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Social emotional learning

5​ ​Ways​ ​to​ ​Implement​ ​Social-Emotional​ ​Learning​ ​for​ ​Student​ ​Success

By Tips and Resources

The​ ​bell​ ​rings​ ​signaling​ ​the​ ​start​ ​of​ ​the​ ​school​ ​day.​ ​Classrooms​ ​of​ ​students​ ​across​ ​the country​ ​wait​ ​for​ ​lessons​ ​to​ ​begin,​ ​but​ ​are​ ​these​ ​students​ ​really​ ​ready​ ​to​ ​learn?​ ​One student​ ​is​ ​anxious​ ​about​ ​his​ ​test​ ​next​ ​period,​ ​another​ ​hopes​ ​their​ ​college​ ​acceptance letter​ ​will​ ​arrive​ ​today.​ ​A​ ​fourth​ ​grader​ ​wonders​ ​if​ ​his​ ​mom​ ​will​ ​make​ ​it​ ​home​ ​in​ ​time​ ​for dinner.​ ​A​ ​kindergartner​ ​thinks​ ​about​ ​the​ ​older​ ​student​ ​who​ ​teased​ ​him​ ​on​ ​the​ ​bus.

How​ ​can​ ​we​ ​make​ ​sure​ ​these​ ​students​ ​are​ ​mentally​ ​present​ ​and​ ​ready​ ​to​ ​take​ ​on​ ​the day?​ ​Social-emotional​ ​learning​ ​(SEL)​ ​can​ ​help.

The​ ​Aspen​ ​Institute’s​ ​National​ ​Commission​ ​on​ ​Social,​ ​Emotional,​ ​and​ ​Academic Learning​ ​recently​ ​released​​ ​scientific​ ​statements​ ​of​ ​evidence​​ ​that​ ​demonstrate​ ​the lasting​ ​impact​ that ​social-emotional​ ​programming​ ​has​ ​on​ ​students,​ ​staff,​ ​school​ ​culture,​ ​and the​ ​surrounding​ ​community.​ ​They found that​ ​SEL helps students​ remain​ ​mentally​ ​present​ ​throughout​ ​the​ ​school​ ​day.​ ​There​ ​is​ ​considerable​ ​evidence demonstrating​ ​that​ ​students​ ​learn​ ​more​ ​when​ ​they​ ​are​ ​able​ ​to​ ​manage​ ​their​ ​emotions, form​ ​meaningful​ ​relationships,​ ​and​ ​demonstrate​ ​resilience.​ ​Research​ ​shows​ ​that​ ​SEL programming​ ​can​ ​increase​ ​executive​ ​functioning,​ ​self-efficacy,​ ​and​ ​persistence.

So​ ​how​ ​do​ ​we​ ​help​ ​children​ ​develop​ ​these​ ​social​ ​skills​ ​and​ ​improve​ ​emotional​ ​health?

Children​ ​and​ ​adolescents​ ​spend​ ​the​ ​majority​ ​of​ ​their​ ​time​ ​in​ ​a​ ​classroom,​ ​so​ ​schools need​ ​to​ ​devote​ ​time​ ​to​ ​social​ ​and​ ​emotional​ ​skill​ ​development.​ ​By​ ​prioritizing​ ​social and​ ​emotional​ ​learning,​ ​schools​ ​create​ ​safe,​ ​supportive,​ ​and​ ​effective​ ​learning environments​ ​for​ ​their​ ​staff​ ​and​ ​students.​ ​Continue​ ​reading​ ​to​ ​discover​ ​5​ ​easy​ ​ways​ ​to integrate​ ​social-emotional​ ​learning​ ​in​ ​the​ ​classroom.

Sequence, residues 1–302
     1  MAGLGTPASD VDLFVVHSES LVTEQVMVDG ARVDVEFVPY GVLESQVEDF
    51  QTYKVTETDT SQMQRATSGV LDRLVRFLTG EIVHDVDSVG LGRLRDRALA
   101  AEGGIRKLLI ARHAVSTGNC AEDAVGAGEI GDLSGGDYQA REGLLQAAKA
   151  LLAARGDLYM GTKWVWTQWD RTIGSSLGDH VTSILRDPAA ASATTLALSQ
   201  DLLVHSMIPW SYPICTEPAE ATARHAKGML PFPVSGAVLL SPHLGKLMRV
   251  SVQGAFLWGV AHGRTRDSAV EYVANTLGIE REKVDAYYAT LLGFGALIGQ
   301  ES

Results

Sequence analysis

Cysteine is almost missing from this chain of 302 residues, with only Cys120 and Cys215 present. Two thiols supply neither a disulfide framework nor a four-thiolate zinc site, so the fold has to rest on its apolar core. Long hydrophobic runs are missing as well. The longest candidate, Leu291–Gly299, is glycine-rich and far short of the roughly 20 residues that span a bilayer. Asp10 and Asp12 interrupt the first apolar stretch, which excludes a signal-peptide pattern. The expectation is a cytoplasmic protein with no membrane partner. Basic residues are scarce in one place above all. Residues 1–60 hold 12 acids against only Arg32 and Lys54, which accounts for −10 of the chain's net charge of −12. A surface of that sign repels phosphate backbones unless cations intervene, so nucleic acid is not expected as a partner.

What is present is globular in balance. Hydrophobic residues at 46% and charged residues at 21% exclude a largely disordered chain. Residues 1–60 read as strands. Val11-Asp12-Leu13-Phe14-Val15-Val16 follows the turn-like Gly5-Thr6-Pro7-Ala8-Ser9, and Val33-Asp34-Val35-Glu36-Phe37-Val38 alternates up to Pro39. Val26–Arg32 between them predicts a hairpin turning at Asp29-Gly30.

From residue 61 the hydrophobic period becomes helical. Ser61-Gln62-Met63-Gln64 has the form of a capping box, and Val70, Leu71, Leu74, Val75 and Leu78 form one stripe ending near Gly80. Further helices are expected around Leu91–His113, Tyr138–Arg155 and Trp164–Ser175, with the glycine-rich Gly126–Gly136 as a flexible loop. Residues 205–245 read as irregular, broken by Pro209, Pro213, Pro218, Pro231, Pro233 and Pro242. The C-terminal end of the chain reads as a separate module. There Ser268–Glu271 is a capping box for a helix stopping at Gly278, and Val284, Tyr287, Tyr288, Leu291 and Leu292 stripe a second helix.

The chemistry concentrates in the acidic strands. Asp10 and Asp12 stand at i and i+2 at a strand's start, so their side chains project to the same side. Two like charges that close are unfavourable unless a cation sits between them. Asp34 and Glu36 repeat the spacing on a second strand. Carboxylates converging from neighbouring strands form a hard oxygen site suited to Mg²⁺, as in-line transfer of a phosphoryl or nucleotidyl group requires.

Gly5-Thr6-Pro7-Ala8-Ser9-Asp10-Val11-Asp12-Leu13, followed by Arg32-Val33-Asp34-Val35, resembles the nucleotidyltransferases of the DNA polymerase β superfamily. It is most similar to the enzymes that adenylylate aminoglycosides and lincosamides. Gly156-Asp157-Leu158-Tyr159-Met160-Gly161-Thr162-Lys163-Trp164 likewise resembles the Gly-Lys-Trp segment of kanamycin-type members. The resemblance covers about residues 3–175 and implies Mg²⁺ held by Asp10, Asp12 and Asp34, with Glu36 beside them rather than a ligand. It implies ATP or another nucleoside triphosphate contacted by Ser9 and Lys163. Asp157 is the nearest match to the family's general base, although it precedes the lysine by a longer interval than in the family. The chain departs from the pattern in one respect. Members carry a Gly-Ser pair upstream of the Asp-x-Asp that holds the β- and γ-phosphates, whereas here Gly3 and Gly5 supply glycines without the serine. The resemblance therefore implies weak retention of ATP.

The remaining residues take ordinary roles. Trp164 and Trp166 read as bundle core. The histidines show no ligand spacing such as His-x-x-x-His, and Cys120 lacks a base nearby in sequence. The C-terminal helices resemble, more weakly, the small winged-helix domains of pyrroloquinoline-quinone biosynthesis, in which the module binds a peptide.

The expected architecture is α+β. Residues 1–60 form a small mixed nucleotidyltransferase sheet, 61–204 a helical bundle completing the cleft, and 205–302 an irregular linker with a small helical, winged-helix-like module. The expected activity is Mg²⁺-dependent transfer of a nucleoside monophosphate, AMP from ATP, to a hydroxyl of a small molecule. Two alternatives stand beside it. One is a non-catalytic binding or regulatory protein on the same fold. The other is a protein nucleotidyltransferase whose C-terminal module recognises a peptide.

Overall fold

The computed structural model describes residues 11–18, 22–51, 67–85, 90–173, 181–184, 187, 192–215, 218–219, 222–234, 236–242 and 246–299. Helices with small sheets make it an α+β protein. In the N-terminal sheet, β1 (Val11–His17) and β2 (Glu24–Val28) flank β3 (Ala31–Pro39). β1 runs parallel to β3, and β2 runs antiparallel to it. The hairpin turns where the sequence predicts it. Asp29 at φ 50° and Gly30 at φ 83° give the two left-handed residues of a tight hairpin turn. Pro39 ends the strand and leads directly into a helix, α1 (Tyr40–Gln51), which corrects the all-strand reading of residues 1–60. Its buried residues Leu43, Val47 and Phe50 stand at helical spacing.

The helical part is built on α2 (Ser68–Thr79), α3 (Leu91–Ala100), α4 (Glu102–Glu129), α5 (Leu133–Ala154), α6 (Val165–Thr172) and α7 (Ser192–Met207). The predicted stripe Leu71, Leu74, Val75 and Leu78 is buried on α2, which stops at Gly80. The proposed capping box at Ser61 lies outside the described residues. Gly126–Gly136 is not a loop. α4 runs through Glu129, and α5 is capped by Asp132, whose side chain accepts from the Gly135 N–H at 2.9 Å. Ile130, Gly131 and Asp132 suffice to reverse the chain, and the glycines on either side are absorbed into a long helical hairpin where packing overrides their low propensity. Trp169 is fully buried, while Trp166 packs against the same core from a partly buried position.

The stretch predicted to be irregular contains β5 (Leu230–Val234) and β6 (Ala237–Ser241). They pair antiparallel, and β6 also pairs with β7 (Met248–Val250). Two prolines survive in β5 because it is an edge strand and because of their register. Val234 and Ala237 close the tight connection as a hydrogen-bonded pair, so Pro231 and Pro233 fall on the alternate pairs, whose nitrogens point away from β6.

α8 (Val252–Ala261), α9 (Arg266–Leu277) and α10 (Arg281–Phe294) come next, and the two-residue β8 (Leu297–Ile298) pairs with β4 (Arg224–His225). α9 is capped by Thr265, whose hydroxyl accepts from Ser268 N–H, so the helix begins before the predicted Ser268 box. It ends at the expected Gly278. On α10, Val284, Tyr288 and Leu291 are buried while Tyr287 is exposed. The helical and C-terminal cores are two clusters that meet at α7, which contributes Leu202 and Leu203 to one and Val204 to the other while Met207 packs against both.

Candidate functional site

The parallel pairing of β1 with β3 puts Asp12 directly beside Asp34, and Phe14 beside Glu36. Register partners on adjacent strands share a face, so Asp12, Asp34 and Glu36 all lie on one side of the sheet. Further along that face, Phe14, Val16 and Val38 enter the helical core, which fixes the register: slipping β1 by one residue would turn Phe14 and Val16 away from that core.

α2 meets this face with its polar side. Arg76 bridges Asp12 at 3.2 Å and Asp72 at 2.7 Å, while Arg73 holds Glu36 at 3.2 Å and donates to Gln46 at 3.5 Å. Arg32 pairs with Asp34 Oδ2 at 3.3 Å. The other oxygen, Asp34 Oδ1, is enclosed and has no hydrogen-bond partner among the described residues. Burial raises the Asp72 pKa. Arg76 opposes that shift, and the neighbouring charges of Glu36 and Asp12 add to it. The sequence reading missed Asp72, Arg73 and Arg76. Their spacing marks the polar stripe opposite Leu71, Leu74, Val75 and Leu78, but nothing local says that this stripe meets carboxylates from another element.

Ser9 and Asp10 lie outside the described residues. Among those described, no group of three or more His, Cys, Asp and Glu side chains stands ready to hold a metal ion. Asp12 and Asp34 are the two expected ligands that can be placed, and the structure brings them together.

Schedule​ ​a​ ​Morning​ ​Meeting

Give​ ​students​ ​the​ ​chance​ ​to​ ​connect​ ​with​ ​one​ ​another​ ​by​ ​gathering​ ​for​ ​morning meeting.​ ​This​ ​can​ ​be​ ​an​ ​opportunity​ ​for​ ​students​ ​to​ ​share​ ​how​ ​they’re​ ​feeling, discuss something​ ​they’re​ ​struggling​ ​with,​ ​or​ ​set​ ​an​ ​intention.​ ​Coming​ ​together​ ​at​ ​the beginning​ ​of​ ​the​ ​school​ ​day​ ​can​ ​affect​ ​how​ ​everyone​ ​will​ ​interact​ ​with​ ​one another​ ​for​ ​the​ ​rest​ ​of​ ​the​ ​day.

Build​ ​a​ ​Diverse​ ​Classroom​ ​Library

The​ ​books​ ​and​ ​literature​ ​students​ ​are​ ​exposed​ ​to​ ​have​ ​a​ ​strong​ ​impact​ ​on developing​ ​empathy​ ​and​ ​building​ ​global​ ​awareness.​ ​It’s​ ​important​ ​to​ ​share books​ ​that​ ​represent​ ​a​ ​diverse​ ​set​ ​of​ ​cultures,​ ​races,​ ​family​ ​structures,​ ​living situations,​ ​etc.​ ​They​ ​should​ ​also​ ​address​ ​a​ ​variety​ ​of​ ​themes,​ ​main​ ​topics​, ​and central​ ​lessons.​ ​Use​ ​books​ ​as​ ​a​ ​starting​ ​point​ ​to​ ​discuss​ ​individual​ ​differences, feelings,​ ​and​ ​conflict​ ​resolution.

Inspire​ ​an​ ​Attitude​ ​of​ ​Gratitude

Research​ ​shows​ ​that​ ​demonstrating​ ​gratitude​ ​not​ ​only​ ​improves​ ​mental​ ​health but​ ​improves​ ​physical​ ​health,​ ​decreases​ ​stress,​ ​builds​ ​resilience,​ ​and​ ​improves self-esteem.​ ​There​ ​are​ ​a​ ​number​ ​of​ ​ways​ ​to​ ​inspire​ ​gratitude​ ​in​ ​your​ ​classroom, including:​ ​have​ ​students​ ​share​ ​one​ ​thing​ ​they’re​ ​grateful​ ​during​ ​a​ ​classroom meeting,​ ​create​ ​gratitude​ ​journals​ ​for​ ​reflection,​ ​or​ ​write​ ​thank​ ​you​ ​cards​ ​to other​ ​classmates.

Switch​ ​Up​ ​Your​ ​Seating​ ​Arrangement…and​ ​keep​ ​switching​ ​it

Arrange​ ​your​ ​classroom​ ​so​ ​that​ ​students​ ​have​ ​the​ ​opportunity​ ​to​ ​sit​ ​in​ ​groups. This​ ​encourages​ ​collaboration,​ ​communication​ ​and​ ​teamwork.​ ​By​ ​switching group​ ​members,​ ​group​ ​size​ ​and​ ​the​ ​arrangement​ ​of​ ​your​ ​classroom,​ ​you​ ​give students​ ​the​ ​opportunity​ ​to​ ​get​ ​to​ ​know​ ​each​ ​other,​ ​discover​ ​strategies​ ​for​ ​how to​ ​work​ ​and​ ​communicate​ ​with​ ​a​ ​variety​ ​of​ ​personalities,​ ​and​ ​keep​ ​things​ ​from getting​ ​boring!

Continue​ ​Your​ ​Best​ ​Practices!